The predicament of political reform that China faces today is that while people are increasingly aware of its importance, they lack a basic consensus on what to reform and how. This article argues that political reform cannot be achieved by utopianism but must be based on Chinese political practice. The practice in Chinese politics in the era of reform and opening demonstrates that political reform has three main dimensions, namely, open party, meritocratic competition and public participation. First, the ruling party, the Chinese Communist Party (CPC), tends to become increasingly open, which is leading to an open political system. Second, an open political system is gradually leading to limited political competition among political elites, based on the traditional notion of meritocracy. And third, with political competition, social participation is gradually being materialised. Overall, openness, competition and participation are the essential characteristics of the so-called Chinese political model. This article also argues that while China's political system is developing these characteristics, there are enormous challenges ahead for the realisation of these political values. But, if the intra-Party democracy cannot be substantiated, the future of the CPC is uncertain.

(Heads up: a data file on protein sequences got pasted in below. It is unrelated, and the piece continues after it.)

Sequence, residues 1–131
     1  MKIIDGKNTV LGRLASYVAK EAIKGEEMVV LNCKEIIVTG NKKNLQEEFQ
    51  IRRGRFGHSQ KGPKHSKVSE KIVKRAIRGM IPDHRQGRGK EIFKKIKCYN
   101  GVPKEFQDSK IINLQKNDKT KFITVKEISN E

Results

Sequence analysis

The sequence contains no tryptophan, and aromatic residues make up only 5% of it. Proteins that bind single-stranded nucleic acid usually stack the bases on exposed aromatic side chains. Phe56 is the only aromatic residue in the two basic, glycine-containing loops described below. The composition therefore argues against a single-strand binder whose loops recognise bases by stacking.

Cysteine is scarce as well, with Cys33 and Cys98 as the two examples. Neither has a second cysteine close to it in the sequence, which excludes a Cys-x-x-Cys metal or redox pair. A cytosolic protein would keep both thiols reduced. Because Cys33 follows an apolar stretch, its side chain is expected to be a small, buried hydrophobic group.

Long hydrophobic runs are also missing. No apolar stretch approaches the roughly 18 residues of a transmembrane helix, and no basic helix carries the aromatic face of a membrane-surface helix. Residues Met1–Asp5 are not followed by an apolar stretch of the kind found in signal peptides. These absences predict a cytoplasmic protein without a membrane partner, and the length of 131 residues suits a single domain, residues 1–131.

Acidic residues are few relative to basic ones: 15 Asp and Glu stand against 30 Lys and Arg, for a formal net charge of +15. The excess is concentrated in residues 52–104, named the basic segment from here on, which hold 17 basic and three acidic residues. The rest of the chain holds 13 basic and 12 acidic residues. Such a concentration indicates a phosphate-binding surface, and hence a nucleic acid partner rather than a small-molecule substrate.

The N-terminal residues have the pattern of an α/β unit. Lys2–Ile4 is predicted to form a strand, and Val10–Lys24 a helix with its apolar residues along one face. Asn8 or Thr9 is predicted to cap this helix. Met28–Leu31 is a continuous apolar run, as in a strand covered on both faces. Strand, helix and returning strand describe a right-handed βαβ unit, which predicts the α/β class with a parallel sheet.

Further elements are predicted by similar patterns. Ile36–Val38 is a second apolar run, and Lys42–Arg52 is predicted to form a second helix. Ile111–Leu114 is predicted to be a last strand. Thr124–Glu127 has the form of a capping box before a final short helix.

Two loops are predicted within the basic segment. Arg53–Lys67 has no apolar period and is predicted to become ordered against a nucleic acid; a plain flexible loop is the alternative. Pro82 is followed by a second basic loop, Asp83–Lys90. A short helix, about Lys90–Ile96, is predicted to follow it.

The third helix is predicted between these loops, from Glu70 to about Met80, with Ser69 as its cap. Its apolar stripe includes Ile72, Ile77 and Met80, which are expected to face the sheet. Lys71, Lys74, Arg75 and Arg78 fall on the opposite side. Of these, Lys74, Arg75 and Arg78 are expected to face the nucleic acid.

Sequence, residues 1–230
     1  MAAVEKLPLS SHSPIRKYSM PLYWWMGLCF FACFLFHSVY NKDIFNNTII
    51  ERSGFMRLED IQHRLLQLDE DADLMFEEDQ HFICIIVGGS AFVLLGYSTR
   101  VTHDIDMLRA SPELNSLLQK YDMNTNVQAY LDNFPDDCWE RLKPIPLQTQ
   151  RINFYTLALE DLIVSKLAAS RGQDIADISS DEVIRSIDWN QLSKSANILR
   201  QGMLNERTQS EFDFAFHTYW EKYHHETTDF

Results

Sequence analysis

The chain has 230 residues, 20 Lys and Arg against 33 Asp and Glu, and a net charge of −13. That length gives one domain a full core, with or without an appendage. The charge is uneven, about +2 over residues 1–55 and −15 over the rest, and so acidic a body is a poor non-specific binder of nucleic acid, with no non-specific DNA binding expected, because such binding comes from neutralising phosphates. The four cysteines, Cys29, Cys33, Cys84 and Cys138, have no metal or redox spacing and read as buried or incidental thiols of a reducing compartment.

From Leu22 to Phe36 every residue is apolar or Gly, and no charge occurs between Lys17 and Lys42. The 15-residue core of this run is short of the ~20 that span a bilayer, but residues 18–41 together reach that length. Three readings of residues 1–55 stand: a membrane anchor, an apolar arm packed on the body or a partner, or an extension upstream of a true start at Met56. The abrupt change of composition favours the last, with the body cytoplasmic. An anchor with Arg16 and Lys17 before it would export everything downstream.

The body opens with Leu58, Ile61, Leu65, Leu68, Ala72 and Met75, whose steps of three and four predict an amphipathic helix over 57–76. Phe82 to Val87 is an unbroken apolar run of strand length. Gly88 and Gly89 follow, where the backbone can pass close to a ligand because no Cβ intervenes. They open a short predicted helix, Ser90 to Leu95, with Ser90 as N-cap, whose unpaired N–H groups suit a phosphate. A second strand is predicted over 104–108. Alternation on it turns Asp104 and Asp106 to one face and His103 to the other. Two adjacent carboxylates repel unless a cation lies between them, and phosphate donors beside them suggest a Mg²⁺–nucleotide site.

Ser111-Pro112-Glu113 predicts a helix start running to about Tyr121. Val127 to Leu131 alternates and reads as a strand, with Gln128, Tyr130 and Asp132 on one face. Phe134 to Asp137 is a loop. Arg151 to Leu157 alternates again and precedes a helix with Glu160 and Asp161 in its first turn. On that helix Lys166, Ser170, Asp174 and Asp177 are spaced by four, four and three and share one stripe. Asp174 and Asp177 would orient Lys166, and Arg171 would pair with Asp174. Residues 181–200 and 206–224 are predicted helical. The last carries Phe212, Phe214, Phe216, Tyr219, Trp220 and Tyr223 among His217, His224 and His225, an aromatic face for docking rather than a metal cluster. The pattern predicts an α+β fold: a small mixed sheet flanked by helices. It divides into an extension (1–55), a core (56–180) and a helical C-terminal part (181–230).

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pp. 84-101
Launched on MUSE
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